it. they may, on their return, fix the
tea habit on rural Belgium.
Harrowing- Stories Told. .
The older Belgians have not yet re
covered from the horrors they have
passed through. They sit on the
benches, sad-eyed and dumb, paying no
attention to the children romping
about them. One of the volunteer In
terpreters at the palace says their
stories are so harrowing she no long
er can bear to hear them. Some of the
wome'n have met fresh griefs in the
death of their babies from malnutri
tion and exposure during the days of
their flight. The hospital has now
about 35 cases on hand, which receive
the best of care.
The children are having the time of
their lives, since the playground, with
its swings and merry-go-rounds, is
open to them. Cots have not yet been
provided, but the refugees have com
fortable mattresses and plenty of cover.
There is a daily issue of second-hand
clothing, dealt out rather with a view
of finding persons to fit the garments
than of finding garments to fit the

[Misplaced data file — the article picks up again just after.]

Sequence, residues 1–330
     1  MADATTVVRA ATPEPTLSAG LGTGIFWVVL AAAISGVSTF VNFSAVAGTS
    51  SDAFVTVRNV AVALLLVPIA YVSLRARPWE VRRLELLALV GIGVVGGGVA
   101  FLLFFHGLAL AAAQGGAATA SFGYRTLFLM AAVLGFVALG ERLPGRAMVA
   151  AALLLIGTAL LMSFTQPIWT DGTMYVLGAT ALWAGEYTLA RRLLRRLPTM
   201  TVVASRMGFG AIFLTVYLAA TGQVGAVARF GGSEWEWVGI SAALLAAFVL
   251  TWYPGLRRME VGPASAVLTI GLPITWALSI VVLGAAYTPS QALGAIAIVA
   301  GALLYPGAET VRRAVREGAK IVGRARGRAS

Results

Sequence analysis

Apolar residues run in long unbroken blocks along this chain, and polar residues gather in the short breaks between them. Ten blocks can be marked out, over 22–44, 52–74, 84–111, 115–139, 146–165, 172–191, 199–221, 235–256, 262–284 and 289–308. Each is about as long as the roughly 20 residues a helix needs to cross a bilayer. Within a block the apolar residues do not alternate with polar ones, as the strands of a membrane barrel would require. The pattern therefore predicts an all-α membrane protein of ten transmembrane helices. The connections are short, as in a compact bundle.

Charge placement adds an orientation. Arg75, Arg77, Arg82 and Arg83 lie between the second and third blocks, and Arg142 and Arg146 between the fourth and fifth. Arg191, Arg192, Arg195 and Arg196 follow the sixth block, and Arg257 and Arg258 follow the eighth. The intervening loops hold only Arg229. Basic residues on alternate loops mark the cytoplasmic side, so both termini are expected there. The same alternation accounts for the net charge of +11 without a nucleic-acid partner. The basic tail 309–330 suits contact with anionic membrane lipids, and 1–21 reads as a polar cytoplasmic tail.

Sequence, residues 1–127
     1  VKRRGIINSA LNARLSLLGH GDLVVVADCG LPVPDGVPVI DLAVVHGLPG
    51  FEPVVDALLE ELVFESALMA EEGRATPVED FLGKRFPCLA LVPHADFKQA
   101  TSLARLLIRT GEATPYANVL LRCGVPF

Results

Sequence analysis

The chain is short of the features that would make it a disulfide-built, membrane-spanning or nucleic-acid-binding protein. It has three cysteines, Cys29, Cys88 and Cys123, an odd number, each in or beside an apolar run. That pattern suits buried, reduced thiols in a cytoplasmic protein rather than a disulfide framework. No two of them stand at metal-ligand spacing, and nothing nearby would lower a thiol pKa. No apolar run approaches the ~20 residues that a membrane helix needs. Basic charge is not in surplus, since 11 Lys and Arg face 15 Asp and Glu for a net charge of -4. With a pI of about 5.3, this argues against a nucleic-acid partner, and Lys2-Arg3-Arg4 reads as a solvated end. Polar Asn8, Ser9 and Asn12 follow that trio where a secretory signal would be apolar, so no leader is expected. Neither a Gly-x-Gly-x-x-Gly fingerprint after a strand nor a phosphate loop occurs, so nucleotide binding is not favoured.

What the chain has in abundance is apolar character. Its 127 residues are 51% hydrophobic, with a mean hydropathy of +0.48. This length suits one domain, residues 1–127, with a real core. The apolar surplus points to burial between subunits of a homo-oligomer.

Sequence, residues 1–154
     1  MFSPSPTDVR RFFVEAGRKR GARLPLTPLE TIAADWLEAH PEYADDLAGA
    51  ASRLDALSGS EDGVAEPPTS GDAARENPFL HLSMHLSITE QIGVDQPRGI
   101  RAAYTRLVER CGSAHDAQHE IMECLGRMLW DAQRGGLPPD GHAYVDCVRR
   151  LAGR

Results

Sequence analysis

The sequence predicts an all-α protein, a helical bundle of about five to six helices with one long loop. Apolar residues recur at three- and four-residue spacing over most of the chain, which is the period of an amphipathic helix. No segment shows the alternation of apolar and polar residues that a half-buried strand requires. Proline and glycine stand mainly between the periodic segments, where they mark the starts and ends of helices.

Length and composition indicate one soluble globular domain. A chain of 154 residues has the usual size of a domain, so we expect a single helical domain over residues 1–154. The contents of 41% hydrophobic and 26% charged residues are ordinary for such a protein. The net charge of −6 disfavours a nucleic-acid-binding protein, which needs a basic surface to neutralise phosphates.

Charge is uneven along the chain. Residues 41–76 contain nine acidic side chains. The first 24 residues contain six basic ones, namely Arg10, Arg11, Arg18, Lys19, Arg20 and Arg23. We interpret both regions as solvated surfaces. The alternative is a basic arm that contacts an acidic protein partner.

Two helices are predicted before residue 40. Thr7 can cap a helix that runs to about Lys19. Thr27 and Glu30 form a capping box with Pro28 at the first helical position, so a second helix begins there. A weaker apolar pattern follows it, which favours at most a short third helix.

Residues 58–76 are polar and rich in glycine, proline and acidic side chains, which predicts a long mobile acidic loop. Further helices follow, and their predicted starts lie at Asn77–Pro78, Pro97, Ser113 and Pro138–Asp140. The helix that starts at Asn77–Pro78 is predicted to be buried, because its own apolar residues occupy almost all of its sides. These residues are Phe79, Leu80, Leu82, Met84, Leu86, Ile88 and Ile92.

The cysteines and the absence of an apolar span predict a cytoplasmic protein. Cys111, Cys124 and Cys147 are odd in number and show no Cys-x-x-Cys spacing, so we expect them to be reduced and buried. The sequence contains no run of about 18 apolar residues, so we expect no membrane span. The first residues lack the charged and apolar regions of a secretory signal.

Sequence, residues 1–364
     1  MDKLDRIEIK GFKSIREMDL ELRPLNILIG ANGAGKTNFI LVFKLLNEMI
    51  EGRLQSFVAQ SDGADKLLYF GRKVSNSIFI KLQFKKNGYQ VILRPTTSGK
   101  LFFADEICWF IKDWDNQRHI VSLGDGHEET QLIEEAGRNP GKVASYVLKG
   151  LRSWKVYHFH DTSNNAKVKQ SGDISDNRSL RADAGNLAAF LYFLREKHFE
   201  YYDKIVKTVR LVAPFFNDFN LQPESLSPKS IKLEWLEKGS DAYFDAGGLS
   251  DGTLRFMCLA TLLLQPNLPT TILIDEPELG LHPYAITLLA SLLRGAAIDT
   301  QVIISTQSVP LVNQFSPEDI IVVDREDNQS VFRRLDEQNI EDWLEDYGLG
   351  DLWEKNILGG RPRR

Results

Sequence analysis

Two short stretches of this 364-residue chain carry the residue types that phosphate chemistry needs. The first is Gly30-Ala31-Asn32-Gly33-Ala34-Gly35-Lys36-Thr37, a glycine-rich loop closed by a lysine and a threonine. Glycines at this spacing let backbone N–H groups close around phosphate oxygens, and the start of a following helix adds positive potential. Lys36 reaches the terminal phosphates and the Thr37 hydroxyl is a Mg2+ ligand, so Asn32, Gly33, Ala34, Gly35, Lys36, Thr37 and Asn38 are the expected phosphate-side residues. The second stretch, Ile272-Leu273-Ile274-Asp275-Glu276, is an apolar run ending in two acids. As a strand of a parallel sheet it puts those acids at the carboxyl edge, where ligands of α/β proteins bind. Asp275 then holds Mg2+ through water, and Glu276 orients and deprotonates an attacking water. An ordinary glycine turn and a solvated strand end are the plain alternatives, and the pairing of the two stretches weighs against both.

Homes Found Among People.
Every day a group of refugees, with
tags giving their destination fastened
to a button-hole, are taken from the
camps and sent to various parts of
England, where homes have been of
fered. There are only about 6000 In the
camps, and Secretary Morgan, of the
war refugees' committee, which acts
for the government, says that he has
received 60,000 offers of aid from per
sons in all parts of the United Kingdom
and 30,000 offers of homes.
LONG PARTED, MEN MEET
War Time Comrades Reunited After
Separation of Fifty Years.
ROSEBURG, Or., Sept. 25. (Special.)
Captain John W. Greenman, a mem
ber of the Oregon Soldiers Home, and
J. L. Joseph, of Philomath, veterans of
. the Civil War, met here last night
after not having seen each other in
almost 50 years. The meeting was ar
ranged by Mr. Joseph. Neither rec
ognized the other, so long had it been
Since they had met.
They were close friends during the
war. and fought side by side in many
A few months ago financial reverses
causea Mr. Greenman to enter the Sol
diers' Home. Mr. Joseph, who is lo
cated at Philomath, learned of Mr
Creenman's presence in Roseburg and